2x Flat beans Phaseolus 'Helda' - Organic 12 m² - Vegetable seeds

Phaseolus vulgaris 'Helda'

2x Flat beans Phaseolus 'Helda' - Organic 12 m² - Vegetable seeds

Phaseolus vulgaris 'Helda'
Fresh or frozen
Fresh beans from your own garden. It is easy to plant the flat bean 'Helda' for a healthy vegetable. The beans are a productive variety. They are suitable for freezing. The vegetable seeds are organically certified. Sow the seeds in the open ground from mid-May to June. You can harvest the beans from July through August.
Space the seeds 70 cm apart. Space the rows at a distance of 80 cm. Plant at a depth of 0.5 to 1 cm. The beans like full or partial shade. After sowing, water the seeds adequately. The seeds come in a bag containing approximately 15 grams. This is enough to sow 12 square metres.
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2x Flat beans Phaseolus 'Helda' - Organic 12 m² - Vegetable seeds

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Latin name: Phaseolus vulgaris 'Helda'
Guarantee: 1 year growth and flowering guarantee
Preferred location: Sun
Green stayer: No
Leafs all year: No
Hardy plants: No
Self polinating: No
Edible: Yes
Naturalizing: No
Scented: Not Scented
Grafted: No
Cutting flowers: No
Harvesting: August - October
Growing Height: 250 cm

These seeds require no prior treatment but steeping overnight in lukewarm water will encourage germination.

Runner beans grow big and are vigorous climbers. They need to be well supported – you need a stable structure so that the plants can climb easily. One of the most simplest and attractive ways is to use bamboo canes formed into the shape of a wigwam. Another way is to make a double row about 30 cm apart and tie the tops together at the top with string. Or they can be grown along a wall or fence with netting attached for them to cling to – if using this method it has to be in the right location for the sun.

How to Sow

There are 2 methods of sowing:

  1. Loosen the soil with a fork to a depth of at least 30 cm. There should be no fresh manure in the soil and it should not be too cold or wet. Form a sturdy wigwam with some canes of at least 3 metres long with 40 cm between them. Sow in a sunny spot up to and including July (when all chance of frost is over). Plant 5 beans at the foot of each cane or string. Cover with soil to about 4 or 5 cm. Press lightly down and sprinkle with water and label your row. Seedlings are very liable to frost damage. A good tip is to germinate indoors with the advantage that the birds can't get at them either.
  2. Sow in pots, March-April and fill the pots with good potting compost, 5 beans to a pot. Cover with a layer of potting compost to a maximum of 3 cm deep. Press lightly down and sprinkle with water. Stand the pots in a sunny place at room temperature. If the seedlings start to get too big before it is possible to plant out, gain some time by storing them in a cool room. Give the sprouts enough room to grow – keep the pots far enough apart that the leaves do not touch. Give each pot its own cane and tie the plants in as they grow. Plant out after all danger of frost has passed, 5 plants (one pot) per cane or string.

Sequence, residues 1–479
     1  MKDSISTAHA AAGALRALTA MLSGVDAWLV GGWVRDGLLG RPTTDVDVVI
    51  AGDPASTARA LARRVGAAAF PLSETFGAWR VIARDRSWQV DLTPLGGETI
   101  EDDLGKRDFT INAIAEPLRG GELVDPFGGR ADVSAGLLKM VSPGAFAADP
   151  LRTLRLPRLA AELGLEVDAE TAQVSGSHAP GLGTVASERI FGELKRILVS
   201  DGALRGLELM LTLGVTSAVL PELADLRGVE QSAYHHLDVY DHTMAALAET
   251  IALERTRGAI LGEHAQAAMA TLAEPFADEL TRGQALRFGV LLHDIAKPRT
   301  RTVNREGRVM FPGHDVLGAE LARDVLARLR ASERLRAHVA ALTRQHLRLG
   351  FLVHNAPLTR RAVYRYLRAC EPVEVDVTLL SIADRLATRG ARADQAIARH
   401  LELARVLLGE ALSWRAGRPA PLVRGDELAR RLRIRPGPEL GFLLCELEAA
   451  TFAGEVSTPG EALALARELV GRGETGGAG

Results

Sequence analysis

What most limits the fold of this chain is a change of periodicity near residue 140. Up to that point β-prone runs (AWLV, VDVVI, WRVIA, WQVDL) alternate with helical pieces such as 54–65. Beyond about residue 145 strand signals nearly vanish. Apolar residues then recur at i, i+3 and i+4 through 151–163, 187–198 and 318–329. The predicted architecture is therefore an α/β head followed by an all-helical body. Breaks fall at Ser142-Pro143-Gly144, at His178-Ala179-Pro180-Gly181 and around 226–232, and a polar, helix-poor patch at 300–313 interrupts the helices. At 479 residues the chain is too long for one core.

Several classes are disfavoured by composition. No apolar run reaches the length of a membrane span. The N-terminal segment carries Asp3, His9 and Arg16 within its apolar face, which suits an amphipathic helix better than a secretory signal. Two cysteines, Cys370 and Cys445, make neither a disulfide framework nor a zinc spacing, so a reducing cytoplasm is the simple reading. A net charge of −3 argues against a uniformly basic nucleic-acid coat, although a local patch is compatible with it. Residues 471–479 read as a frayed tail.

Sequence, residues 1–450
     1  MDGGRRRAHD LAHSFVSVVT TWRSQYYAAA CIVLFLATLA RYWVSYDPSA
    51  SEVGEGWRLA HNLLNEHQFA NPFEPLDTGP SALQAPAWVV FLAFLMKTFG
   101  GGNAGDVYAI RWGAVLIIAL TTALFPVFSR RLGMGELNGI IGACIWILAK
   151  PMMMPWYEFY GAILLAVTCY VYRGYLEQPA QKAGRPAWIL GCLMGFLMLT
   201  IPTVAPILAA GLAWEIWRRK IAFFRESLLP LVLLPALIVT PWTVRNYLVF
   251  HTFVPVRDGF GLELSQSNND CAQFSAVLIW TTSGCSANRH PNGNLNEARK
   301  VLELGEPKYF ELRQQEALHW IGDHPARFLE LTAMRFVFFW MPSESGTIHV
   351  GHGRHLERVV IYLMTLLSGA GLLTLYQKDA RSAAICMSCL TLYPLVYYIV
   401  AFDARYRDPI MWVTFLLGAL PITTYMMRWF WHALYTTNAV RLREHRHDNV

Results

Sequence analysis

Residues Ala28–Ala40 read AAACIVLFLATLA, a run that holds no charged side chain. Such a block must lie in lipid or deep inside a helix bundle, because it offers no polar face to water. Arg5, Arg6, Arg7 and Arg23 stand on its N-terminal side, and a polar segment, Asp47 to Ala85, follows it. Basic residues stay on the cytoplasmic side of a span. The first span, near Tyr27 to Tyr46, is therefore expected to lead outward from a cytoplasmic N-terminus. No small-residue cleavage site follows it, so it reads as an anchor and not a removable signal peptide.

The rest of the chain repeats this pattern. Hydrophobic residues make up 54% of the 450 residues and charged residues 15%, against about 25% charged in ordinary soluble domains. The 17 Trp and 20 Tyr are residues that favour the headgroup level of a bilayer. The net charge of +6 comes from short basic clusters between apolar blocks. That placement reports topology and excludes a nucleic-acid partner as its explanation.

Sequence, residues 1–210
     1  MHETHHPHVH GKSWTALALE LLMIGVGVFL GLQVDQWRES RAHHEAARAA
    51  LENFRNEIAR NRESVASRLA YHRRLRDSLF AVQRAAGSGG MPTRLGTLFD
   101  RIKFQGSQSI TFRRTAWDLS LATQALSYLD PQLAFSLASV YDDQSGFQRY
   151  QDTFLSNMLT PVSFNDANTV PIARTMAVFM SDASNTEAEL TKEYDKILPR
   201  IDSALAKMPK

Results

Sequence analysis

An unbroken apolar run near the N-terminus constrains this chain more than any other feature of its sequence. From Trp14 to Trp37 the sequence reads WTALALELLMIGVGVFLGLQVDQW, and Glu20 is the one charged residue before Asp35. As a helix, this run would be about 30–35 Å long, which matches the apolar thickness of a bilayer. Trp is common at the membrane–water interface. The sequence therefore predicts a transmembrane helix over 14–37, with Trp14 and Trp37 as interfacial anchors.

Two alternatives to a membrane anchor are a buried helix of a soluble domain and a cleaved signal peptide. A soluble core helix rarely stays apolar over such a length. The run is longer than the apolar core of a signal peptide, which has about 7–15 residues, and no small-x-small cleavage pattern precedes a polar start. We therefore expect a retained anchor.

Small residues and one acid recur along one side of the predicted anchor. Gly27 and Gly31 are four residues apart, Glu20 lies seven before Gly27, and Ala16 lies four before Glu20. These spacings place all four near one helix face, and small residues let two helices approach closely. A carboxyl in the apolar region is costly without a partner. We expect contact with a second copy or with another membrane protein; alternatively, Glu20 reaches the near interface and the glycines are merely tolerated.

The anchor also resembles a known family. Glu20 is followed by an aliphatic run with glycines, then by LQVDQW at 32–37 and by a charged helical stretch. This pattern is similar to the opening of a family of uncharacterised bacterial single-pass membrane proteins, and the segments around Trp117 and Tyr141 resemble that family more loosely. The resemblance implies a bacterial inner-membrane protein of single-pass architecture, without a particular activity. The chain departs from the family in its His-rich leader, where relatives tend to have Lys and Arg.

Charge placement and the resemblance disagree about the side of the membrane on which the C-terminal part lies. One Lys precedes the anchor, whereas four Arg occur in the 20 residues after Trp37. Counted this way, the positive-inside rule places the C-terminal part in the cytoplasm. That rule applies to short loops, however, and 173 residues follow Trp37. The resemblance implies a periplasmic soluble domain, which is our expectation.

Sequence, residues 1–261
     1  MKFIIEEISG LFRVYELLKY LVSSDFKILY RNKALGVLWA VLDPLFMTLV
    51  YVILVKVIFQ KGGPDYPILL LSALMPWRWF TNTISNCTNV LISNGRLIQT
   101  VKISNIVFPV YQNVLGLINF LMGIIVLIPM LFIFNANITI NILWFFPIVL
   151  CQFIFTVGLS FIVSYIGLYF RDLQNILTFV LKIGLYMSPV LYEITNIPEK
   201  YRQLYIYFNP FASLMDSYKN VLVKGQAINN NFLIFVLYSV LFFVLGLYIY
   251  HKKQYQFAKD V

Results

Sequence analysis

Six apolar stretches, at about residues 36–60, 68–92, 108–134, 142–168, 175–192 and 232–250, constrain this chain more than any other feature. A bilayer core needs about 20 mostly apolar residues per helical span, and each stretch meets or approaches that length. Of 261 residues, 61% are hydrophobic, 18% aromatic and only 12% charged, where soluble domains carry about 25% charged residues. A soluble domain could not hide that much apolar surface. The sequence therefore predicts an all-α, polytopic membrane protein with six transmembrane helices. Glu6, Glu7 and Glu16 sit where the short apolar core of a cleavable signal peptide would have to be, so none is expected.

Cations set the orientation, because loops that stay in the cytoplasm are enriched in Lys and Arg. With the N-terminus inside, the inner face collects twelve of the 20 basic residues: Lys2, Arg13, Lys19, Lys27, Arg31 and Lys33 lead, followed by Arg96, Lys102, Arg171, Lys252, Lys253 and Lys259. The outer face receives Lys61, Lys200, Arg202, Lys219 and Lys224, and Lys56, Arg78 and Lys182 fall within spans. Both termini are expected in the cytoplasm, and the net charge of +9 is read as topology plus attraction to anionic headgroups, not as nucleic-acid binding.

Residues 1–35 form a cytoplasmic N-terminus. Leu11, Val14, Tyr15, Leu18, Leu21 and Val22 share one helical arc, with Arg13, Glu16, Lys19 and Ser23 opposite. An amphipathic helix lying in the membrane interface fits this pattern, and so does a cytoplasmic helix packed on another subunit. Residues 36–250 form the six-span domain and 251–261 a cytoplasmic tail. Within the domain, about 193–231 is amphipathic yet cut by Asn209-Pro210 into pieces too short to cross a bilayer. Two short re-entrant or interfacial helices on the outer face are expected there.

The seed will germinate in 14 days.


These beans should be trained up canes, chicken wire, netting or special bean wigwams, especially in the beginning. They usually attach themselves and climb away but wild weather can hinder this so give them a hand now and then.

Water only during dry periods. Keep the bed free of weed and your beans will thrive.


Harvest from August-October.
Pick the beans as and when you need them. Use both hands when harvesting, to prevent damage to the bean plant.

Three methods:

  1. Harvest the young pods before the beans are visible from the outside. At the height of the season it is advisable to harvest at least once a week. Young beans are more tender and fresh.
  2. When the beans are visible under the skin of the pod, those are best hulled and dried.
  3. Have an initial pick while the pods are still young but well filled - you will see the beans clearly inside. These whole pods can be dried indoors but the plant will keep growing and flowering and producing more beans, giving you the biggest harvest.
When all the beans have been harvested the plant will no longer flower and you can dig up the whole plant.


Stringless runner beans are generally considered the tastiest and it is actually quite hard to find them with 'string' nowadays as most modern beans no longer have it.

Yellow runner beans are the same as butter beans - so-called because of their colour. They have a milder flavour than the green.


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